Partner As You Go credentials have become an increasingly popular option for individuals seeking work-focused credentials. These credentials are often developed in partnership with business/industry partners and can be integrated into credentialing pathways without a degree or certificate program. The goal is to integrate evaluated workplace learning, training, licenses, or certifications for academic recognition into an academic pathway, giving learners an opportunity to gain both academic and practical skills. Through partnerships with industries, learners can enter institutions as well as return to industry as highly skilled workers. The benefits of these incremental credentials include increased persistence and completion rates, reduced costs, and improved marketability.
Programs with labor market alignment and a clear career trajectory lead to better economic opportunities. Without clear on- and off-ramps, these types of programs do not offer students a way to continue their postsecondary education on a path to family-sustaining wages. Programs without clear career pathways put low-income adults, who are already underrepresented in higher education, at greater risk of being left behind the rapid, ongoing changes in the labor market. Institutions that provide incremental credentials must understand the risk associated with tracking Black students, Hispanic students, and women into lower-value programs—especially when students of color and women are far more likely to earn certificates that offer lower returns. Growth in incremental credentialing programs could further stratify the higher education system if they result in wealthier and whiter students obtaining longer-term, higher-credentials while lower-income students of color disproportionately earn shorter-term, lower-level ones.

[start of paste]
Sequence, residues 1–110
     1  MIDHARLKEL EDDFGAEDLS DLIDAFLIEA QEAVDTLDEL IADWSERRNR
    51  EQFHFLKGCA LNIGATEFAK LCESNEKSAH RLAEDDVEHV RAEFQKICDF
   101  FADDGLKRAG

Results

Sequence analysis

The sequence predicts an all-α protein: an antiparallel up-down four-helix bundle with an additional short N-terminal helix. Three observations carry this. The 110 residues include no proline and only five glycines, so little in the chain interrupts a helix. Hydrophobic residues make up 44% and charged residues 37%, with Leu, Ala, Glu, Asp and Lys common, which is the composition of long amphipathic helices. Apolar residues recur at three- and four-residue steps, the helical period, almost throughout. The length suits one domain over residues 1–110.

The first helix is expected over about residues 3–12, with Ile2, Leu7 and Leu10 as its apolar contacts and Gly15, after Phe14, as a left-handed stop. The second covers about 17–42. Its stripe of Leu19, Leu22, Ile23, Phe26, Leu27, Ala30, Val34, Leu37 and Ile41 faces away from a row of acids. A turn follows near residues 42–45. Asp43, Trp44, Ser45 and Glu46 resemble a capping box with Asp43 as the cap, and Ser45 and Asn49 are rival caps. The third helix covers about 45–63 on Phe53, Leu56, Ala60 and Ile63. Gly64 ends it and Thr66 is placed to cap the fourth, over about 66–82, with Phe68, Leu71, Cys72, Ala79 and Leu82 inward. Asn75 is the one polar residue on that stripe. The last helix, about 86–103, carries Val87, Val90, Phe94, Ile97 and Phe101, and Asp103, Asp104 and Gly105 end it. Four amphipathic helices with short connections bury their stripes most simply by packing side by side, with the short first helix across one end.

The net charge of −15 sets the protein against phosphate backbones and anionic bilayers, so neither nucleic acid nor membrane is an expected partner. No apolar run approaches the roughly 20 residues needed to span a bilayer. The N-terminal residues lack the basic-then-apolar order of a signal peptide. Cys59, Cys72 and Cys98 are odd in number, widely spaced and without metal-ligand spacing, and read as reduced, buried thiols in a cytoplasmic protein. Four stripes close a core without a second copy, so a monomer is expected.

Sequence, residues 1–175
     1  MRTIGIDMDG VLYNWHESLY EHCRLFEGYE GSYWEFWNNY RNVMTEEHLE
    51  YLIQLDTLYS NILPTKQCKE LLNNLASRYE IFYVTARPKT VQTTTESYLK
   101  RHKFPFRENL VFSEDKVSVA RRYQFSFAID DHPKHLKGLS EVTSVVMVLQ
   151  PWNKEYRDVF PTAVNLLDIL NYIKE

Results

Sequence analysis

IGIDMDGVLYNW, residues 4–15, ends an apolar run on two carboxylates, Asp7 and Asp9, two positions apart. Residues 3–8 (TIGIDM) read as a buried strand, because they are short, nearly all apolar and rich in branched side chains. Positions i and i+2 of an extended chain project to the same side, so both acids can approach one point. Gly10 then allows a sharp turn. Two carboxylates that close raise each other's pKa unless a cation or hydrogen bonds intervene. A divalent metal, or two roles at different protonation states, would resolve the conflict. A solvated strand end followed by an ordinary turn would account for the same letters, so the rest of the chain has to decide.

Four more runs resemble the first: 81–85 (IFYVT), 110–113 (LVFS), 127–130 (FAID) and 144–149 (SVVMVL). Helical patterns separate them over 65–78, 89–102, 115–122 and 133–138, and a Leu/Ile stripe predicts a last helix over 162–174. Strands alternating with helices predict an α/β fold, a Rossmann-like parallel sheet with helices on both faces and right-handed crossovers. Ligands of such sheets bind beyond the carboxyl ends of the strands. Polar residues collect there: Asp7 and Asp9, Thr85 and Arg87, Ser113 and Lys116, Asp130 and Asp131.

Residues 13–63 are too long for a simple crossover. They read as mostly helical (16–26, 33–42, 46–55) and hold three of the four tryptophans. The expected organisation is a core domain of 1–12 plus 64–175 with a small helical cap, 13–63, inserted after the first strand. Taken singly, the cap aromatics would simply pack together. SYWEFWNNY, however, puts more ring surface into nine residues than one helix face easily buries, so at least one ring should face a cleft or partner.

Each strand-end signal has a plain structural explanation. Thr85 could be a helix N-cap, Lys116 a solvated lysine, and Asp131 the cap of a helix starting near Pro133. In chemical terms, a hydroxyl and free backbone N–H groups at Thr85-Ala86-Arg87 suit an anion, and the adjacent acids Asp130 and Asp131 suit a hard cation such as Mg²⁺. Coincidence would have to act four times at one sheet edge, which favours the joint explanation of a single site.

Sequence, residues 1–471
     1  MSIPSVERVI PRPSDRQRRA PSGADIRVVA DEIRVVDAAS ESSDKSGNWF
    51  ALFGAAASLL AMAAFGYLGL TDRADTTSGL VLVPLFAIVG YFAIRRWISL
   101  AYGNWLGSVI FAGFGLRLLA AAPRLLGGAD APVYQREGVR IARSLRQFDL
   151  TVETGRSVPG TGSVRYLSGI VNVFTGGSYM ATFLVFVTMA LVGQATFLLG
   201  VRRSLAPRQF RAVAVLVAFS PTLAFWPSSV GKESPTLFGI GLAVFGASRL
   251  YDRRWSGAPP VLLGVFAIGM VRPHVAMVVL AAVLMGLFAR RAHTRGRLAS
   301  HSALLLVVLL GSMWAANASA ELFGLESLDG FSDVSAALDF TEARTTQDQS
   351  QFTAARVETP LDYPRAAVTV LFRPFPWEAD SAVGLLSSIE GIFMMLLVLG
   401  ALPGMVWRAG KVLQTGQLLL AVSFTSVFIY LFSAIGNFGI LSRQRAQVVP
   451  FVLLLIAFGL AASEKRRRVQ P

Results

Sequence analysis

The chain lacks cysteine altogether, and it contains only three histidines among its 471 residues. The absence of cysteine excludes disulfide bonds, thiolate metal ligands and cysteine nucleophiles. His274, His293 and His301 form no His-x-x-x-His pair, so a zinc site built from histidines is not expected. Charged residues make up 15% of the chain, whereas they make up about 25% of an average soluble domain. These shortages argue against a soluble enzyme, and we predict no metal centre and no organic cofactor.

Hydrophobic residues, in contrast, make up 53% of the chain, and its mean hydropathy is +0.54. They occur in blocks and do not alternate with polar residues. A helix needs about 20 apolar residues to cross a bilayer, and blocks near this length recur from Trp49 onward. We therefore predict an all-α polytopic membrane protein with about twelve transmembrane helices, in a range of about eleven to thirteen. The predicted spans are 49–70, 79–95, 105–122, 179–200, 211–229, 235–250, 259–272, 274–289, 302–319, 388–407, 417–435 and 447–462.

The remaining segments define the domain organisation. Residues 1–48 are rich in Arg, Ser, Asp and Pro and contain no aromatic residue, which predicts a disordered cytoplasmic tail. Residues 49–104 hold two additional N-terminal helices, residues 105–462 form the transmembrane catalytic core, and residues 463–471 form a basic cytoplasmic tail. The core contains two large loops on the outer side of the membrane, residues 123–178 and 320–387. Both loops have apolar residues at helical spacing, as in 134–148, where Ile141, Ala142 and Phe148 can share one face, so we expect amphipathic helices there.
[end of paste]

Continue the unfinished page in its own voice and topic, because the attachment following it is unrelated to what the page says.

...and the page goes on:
Work-based learning is being expanded at the federal, state, and local levels. This is evident in three major pieces of federal education legislation: the Strengthening Career and Technical Education for the 21st Century Act (Perkins V), the Every Student Succeeds Act of 2015 (ESSA), and the Workforce Innovation and Opportunity Act of 2014 (WIOA). The benefits of work-based learning are found to be greater for students in racial and ethnic minority populations. Often lacking in time, flexibility, and financial resources, adults from underserved communities need accelerated forms of learning to improve their outcomes. Work-based learning programs can provide a supportive and comprehensive learning environment, allowing workers to build skills, obtain postsecondary credentials, and earn family-sustaining wages. These opportunities allow participants to fulfill their potential as employees in the modern workplace.
One example of an institutional effort to make work-based learning programs more equitable can be seen at Bunker Hill Community College in Boston, which audited and revamped its participant outreach and recruitment methods to achieve parity in participation among men from racially minoritized backgrounds.
Successful expansion of work-based learning hinges on employer buy-in and the strength of employer-educator partnerships. Strategic, mutually beneficial partnerships between postsecondary institutions and employers, working together to develop incremental credentials, are critical to enable workers to move more quickly and successfully through the labor market. JFF’s 2019 report, Employer Partnerships that Drive Systems Change, highlights promising institution-employer partnerships, including another initiative at CUNY, the CUNY Career Success Initiatives. As a part of its Advancing Credentials Through Career Pathways initiative, the Center for Occupational Research and Development (CORD) developed an employer engagement toolkit. The kit, designed to be used by faculty members, program chairs, departments, divisions or colleges, offers tips on where to start based on your position.